Highlights from

ELCC 2019

European Lung Cancer Conference

Geneva 10-13 April 2019

Post-discontinuation immunotherapy in PACIFIC

In the PACIFIC trial, durvalumab provided significant OS benefit to patients with unresectable, stage 3 NSCLC. Although many patients received additional treatment with immunotherapy after discontinuation, this did not affect OS outcomes.

Historically, the standard of care for patients with unresectable, stage 3 NSCLC has been platinum-based chemoradiation. However, outcomes have been poor with approximately 15-30% of patients being alive after 5 years [1]. Before the approval of ICIs changed the treatment paradigm, several studies investigated systemic therapy with curative intent after disease control with chemoradiation. However, none demonstrated improved survival [2].

In the world-wide phase 3 PACIFIC trial, patients with stage 3 NSCLC without progression after chemoradiation and with good performance status, received either durvalumab or placebo. Recent analyses showed that both primary endpoints were met, with significant improvements of PFS and OS with durvalumab [3,4]. As a result, durvalumab has been approved in the USA, Europe [5], Japan, and other regions.

However, after discontinuation, many patients received further anticancer treatment (41% and 54% in the durvalumab and placebo groups, respectively), including immunotherapies. This may have influenced the OS outcomes. Using the Rank Preserving Structural Failure Time (RPSFT) model, Dr Phillip Dennis (AstraZeneca, United Kingdom) and co-investigators quantified the specific impact of subsequent immunotherapies on OS [6]. This exploratory analysis was consistent with the ITT analysis and, according to Dr Dennis, adds to the robustness of the conclusion that durvalumab provides significant OS benefit to patients with unresectable, stage 3 NSCLC. So, analysis of treatment-switching is a useful tool to estimate potential OS outcomes in clinical practice scenarios with different patterns of subsequent I-O treatment, changing from country to country and over time [6].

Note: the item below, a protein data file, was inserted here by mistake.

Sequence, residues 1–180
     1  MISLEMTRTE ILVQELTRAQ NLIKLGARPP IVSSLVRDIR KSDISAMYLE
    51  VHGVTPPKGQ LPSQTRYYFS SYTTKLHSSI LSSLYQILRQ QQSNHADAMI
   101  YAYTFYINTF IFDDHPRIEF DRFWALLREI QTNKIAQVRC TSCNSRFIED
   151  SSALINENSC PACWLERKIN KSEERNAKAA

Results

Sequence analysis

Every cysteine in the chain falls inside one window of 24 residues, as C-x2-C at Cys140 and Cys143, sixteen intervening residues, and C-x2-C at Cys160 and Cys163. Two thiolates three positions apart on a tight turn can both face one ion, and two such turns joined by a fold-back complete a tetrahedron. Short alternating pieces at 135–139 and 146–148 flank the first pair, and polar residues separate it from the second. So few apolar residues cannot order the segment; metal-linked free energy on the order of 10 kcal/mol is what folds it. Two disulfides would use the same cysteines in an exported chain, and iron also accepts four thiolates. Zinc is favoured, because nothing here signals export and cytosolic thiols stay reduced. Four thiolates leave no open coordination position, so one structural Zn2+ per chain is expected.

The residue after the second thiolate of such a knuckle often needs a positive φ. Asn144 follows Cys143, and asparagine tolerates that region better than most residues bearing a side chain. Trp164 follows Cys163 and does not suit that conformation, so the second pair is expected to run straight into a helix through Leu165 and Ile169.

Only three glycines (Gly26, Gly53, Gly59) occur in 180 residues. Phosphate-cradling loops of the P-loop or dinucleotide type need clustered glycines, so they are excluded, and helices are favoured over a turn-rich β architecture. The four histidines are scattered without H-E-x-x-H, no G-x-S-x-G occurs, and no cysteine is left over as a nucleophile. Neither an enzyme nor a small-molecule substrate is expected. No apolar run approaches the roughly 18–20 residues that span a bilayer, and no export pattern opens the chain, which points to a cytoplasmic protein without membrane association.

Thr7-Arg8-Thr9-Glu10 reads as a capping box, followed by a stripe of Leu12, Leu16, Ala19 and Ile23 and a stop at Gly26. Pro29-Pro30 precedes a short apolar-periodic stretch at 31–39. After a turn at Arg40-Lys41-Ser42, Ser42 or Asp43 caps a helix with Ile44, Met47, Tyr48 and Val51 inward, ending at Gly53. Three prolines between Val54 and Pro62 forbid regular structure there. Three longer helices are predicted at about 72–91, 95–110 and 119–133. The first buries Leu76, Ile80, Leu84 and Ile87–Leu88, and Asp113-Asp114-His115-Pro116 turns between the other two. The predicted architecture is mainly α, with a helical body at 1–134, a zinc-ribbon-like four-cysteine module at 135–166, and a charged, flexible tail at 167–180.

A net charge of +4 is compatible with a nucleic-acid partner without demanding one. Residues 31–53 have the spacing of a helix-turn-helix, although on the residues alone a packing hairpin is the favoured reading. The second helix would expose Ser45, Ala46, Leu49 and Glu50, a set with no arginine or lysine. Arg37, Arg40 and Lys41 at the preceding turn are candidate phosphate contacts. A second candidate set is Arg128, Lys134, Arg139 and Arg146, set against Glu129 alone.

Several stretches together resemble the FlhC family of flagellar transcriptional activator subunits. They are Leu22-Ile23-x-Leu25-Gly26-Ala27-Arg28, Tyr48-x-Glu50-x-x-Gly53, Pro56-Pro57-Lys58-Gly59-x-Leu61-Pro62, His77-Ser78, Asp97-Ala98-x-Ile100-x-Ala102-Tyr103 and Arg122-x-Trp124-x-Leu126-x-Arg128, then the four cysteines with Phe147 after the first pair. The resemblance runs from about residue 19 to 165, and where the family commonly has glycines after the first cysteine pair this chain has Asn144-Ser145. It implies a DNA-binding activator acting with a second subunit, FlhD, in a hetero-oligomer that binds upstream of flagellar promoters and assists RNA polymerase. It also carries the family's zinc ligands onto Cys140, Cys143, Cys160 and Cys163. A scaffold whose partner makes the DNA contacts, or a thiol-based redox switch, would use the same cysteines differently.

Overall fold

Patient-reported outcomes

Some recent presentations of the phase 3 PACIFIC study showed that durvalumab treatment did not compromise patient symptoms, functioning, or global health status vs placebo in the ITT population. Dr Marina Garassino (Instituto Tumouri di Milano, Italy) et al. retrospectively investigated the impact of tumour PD-L1 expression on patient-reported outcomes (PROs) to better understand the benefit/risk profile of durvalumab across all PD-L1 subgroups [7]. In this post-hoc analysis, there were no clinically meaningful differences in PROs between treatment arms across various PD-L1 subgroups. Results for the PD-L1 subgroups were generally consistent with those in the ITT population, suggesting that global health status and quality of life were maintained regardless of PD-L1 expression, including for patients with PD-L1-negative NSCLC (PD-L1 expression of <1%). According to Dr Garassino, these data further support the PACIFIC regimen, i.e. durvalumab after concurrent chemoradiation, as the standard of care for unresectable, stage 3 NSCLC [7].

  1. Yoon SM, et al. World J Clin Oncol. 2017;8:1-20.
  2. Skrzypski M, Jassem J. Cancer Treat Rev. 2018;66:114-121.
  3. Antonia SJ, et al. N Engl J Med. 2017;377:1919-1929.
  4. Antonia SJ, et al. N Engl J Med. 2018;379:2342-2350.
  5. Imfinzi EMA SmPC.
  6. Ouwens M, et al. ELCC 2019, abstract 83O.
  7. Garassino M, et al. ELCC 2019, abstract LBA2.

Top image: © Nerthuz

The content and interpretation of these conference highlights are the views and comments of the speakers/authors.